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Pro-Russia Armed Men Hold Crimea Government Buildings Under Seize

Published: February 28, 2014 (Issue # 1799)



  • The Crimean parliament was taken over by armed men early Thursday morning.
    Photo: Wikimedia Commons

A group of armed men seized the Crimean Parliament and Council of Ministers buildings in the Ukrainian city of Simferopol on Wednesday night.

Russian flags are hoisted on top of the buildings, Interfax reported, adding that local sources told them that the men are part of a spontaneously "self-defense" unit formed by the region's Russian-speaking population. A flag reading "Crimea Russia" in Russian hangs on barricades outside the building's entrance.

Related: Tensions in Ukraine Grow Amid Russian Military Drills

Following the ousting of Kremlin ally and former Ukrainian President Viktor Yanukovych from his post last Saturday, the predominantly pro-Russian Crimea has been divided between Russian separatists and ethnic Tatars who support the new Ukrainian government. In addition to ethnic ties, Russia also maintains a Black Sea naval base in the Crimean city of Sevastopol.

The invaders have not yet issued any demands since seizing the buildings around 4 a.m. Crimean Prime Minister Anatoly Mogilev reportedly tried to conduct negotiations with the unknown men, but was unsuccessful.

Mogilev said that the men do not want to enter into negotiations or explain the reasons for their actions, but that members of the Supreme Council of Crimea were being allowed into the building. An unidentified Crimean government official told Interfax Thursday afternoon that a meeting of the parliament at 2 p.m. local time would discuss greater autonomy for the region.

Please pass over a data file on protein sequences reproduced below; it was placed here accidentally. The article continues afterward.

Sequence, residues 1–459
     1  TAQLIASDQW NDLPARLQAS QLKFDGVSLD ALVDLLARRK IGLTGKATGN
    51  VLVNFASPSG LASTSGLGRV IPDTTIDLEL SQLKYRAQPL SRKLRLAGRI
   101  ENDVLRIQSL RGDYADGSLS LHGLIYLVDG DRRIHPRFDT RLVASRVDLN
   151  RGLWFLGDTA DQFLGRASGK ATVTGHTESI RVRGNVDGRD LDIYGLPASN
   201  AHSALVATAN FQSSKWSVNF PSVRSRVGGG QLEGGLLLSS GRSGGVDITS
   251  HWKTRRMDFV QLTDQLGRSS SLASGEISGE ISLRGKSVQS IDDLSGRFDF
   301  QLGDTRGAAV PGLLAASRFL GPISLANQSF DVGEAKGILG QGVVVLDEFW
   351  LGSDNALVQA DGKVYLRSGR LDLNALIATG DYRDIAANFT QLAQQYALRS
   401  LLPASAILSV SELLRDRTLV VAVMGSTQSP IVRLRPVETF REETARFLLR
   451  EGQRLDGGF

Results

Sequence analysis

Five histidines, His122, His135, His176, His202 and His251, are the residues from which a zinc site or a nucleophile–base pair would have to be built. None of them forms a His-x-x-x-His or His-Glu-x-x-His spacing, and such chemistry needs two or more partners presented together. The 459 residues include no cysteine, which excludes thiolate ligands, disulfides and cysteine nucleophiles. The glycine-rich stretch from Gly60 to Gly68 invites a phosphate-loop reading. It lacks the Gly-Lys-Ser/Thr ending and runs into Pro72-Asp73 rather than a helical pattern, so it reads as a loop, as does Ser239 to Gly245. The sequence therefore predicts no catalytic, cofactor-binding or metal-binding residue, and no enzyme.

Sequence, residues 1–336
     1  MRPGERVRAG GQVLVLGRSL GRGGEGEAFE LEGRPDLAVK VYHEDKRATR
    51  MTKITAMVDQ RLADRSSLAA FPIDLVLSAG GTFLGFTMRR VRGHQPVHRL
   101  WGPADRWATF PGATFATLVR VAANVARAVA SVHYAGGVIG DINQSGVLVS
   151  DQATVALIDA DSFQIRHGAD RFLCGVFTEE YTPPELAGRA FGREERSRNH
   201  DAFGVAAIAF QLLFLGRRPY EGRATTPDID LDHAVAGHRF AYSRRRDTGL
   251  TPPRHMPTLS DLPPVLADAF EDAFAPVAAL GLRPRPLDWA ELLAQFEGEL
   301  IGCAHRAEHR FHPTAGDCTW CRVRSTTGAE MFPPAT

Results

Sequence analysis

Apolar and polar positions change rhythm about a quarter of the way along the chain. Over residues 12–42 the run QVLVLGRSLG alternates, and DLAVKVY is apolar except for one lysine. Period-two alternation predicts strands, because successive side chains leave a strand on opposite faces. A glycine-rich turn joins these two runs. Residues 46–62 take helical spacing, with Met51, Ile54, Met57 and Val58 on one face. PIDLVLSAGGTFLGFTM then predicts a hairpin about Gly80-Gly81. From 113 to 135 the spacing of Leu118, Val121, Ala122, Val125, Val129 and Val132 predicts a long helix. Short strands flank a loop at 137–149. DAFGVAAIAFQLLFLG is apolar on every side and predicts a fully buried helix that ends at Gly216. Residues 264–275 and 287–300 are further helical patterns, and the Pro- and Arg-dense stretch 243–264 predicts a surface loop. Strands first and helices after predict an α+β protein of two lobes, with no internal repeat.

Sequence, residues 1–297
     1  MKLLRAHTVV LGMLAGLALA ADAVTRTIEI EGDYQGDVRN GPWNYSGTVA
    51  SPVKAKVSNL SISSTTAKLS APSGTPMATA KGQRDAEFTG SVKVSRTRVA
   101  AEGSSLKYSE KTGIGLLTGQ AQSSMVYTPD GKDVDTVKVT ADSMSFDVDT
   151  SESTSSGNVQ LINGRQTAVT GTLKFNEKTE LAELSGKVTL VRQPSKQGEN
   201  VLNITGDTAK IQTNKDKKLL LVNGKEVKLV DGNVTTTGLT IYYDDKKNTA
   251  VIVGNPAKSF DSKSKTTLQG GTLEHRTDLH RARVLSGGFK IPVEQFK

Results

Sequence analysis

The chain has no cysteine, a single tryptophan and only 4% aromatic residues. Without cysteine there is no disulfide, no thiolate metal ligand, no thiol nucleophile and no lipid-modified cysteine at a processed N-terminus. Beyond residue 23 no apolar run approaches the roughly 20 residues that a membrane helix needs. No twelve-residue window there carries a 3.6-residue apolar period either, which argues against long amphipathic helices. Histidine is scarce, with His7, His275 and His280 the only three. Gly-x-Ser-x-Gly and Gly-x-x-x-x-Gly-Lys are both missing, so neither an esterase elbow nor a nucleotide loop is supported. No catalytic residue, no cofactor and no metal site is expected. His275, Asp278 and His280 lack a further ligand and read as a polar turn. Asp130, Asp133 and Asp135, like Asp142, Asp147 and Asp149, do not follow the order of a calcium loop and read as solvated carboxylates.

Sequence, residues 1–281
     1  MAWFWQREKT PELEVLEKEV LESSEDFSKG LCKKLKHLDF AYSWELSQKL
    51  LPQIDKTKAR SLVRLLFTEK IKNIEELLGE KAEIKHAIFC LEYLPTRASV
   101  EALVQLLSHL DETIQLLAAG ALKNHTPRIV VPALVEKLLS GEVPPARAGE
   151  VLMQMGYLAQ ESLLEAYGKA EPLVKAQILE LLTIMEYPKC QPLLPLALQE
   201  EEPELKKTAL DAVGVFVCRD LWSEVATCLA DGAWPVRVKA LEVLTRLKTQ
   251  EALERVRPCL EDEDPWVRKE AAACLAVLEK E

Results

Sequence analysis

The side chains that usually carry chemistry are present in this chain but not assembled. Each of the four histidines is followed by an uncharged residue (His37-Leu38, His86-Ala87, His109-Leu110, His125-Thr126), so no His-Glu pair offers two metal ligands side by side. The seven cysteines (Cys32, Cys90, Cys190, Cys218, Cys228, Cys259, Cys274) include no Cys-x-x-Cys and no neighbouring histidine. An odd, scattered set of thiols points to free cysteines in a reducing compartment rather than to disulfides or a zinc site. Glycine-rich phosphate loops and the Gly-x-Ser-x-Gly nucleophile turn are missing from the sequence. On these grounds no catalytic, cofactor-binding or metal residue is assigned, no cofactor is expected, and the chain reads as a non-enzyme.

The scene outside the building turned to one of pro-Russia support in the mid-afternoon, as between 300 and 400 young people with Russian flags crossed police lines and began shouting "Russia! Russia!" ahead of a the planned parliamentary session, Interfax reported. The demonstrations follow larger actions by both pro- and anti-Russia groups in front of the parliament on Wednesday, which turned into violent clashes between the two groups.

No one was injured in the building takeover, Mogilev's press secretary said. The surrounding area has been sealed off by police, and a work holiday has been declared in the city.

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ALL ABOUT TOWN

Monday, Sept. 1


Today marks the beginning of Lermontov-Fest, a fall festival celebrating the life of one of Russia’s most remarkable poets who, in a fate eerily similar to Pushkin’s, was killed in a duel at the age of 26. Organized by the Lermontov Library System, the next several months will see art exhibitions, concerts and public lectures focusing on the Lermontov’s short yet prolific career. Check the Lermontov Library System’s website for more details.



Tuesday, Sept. 2


Join expats and practice your Russian during the Russian Club’s weekly meeting tonight at 7:30 p.m. The club is free to participate in although you need to be a registered member of Couchsurfing.



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